Fasting Insulin

A blood test for fasting insulin can be one of the most important that you get.

It’s important because it shows the degree of insulin resistance: the higher the number, the more insulin resistant. A very high number generally means type 2 diabetes. A number merely higher than normal can signify metabolic syndrome or pre-diabetes.

Hyperinsulinemia, or too much insulin in the blood, is one of the main causes of chronic disease in the modern world, including heart disease, cancer, kidney disease, and of course diabetes.

Being sedentary leads to insulin resistance, and exercise can prevent it.

Insulin resistance is strongly associated with obesity, but normal weight people, especially those who are skinny-fat, can have it too.

A diet high in sugar and refined carbohydrates, especially when combined with seed oils, leads to hyperinsulinemia and insulin resistance.

My fasting insulin test

Doctors don’t routinely test for fasting insulin; they normally do so only if they suspect diabetes.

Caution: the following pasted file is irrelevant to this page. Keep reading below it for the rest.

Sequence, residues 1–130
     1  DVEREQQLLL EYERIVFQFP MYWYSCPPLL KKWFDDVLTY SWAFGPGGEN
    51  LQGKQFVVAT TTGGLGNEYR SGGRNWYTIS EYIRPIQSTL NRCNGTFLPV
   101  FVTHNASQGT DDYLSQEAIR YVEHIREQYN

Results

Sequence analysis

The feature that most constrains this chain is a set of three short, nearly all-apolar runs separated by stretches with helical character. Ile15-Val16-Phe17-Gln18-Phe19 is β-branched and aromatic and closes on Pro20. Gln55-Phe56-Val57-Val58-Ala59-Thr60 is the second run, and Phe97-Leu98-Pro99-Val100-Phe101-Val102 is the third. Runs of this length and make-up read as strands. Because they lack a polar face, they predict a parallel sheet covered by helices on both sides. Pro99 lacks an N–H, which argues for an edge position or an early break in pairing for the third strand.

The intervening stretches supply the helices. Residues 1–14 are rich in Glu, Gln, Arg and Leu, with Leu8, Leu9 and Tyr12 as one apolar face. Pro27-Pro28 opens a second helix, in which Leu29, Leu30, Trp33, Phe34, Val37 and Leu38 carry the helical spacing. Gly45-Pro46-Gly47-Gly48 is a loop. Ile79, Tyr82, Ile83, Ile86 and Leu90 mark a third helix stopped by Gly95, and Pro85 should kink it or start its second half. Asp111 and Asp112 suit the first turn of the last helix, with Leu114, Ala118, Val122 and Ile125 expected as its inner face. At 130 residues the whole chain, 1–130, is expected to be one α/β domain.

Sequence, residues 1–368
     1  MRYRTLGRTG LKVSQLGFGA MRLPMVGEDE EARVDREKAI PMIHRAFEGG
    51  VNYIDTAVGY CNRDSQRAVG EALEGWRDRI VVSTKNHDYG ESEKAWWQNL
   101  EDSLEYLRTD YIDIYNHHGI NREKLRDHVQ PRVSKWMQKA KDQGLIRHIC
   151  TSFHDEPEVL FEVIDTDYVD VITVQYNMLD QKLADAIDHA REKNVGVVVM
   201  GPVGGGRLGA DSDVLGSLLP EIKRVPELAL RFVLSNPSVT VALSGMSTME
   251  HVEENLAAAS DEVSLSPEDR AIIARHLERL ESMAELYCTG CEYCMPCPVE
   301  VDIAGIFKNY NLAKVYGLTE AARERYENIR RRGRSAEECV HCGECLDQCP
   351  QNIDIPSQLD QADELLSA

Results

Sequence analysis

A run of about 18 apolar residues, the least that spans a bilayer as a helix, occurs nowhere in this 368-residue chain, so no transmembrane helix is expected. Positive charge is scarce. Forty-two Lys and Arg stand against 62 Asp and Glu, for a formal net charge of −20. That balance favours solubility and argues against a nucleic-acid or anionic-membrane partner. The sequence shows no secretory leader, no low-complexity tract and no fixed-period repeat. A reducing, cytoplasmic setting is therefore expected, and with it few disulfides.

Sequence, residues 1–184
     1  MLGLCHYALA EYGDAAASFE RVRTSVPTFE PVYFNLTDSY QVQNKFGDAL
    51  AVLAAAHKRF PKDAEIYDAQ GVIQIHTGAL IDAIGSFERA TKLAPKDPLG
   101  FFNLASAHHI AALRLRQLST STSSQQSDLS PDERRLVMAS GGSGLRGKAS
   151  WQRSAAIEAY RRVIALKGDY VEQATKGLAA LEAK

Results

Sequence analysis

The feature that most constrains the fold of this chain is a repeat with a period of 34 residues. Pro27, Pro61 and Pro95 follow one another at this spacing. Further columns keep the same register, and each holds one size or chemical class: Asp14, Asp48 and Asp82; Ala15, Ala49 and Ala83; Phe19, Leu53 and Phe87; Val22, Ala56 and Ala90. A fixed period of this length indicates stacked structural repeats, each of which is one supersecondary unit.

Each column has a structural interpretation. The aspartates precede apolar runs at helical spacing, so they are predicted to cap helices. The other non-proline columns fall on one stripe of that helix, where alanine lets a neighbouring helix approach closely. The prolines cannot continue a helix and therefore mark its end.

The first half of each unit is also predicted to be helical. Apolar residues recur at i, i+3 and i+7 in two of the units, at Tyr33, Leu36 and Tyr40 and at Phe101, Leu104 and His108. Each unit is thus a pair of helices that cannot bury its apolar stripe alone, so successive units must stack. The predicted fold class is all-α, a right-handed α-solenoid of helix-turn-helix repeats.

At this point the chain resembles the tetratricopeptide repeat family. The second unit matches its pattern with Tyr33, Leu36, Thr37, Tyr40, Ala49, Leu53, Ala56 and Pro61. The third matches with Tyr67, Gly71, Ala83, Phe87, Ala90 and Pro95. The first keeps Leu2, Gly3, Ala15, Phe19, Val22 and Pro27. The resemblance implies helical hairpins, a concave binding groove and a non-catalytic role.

I’ve had a few tests of fasting blood glucose that were high, in the range of 100 to 110. That’s an odd result, because I eat a low-carbohydrate diet and lift weights, and have a body fat percentage that I don’t know exactly but is likely <15%.

It’s probably due to the so-called dawn phenomenon, or physiological insulin resistance, which is normal. When on a low-carbohydrate diet, the liver can become insulin resistant in order to make glucose for the rest of the body. To be honest, the causes of the dawn phenomenon are not fully elucidated, and experts give varying explanations. But the fact is that many people who eat low-carb report it.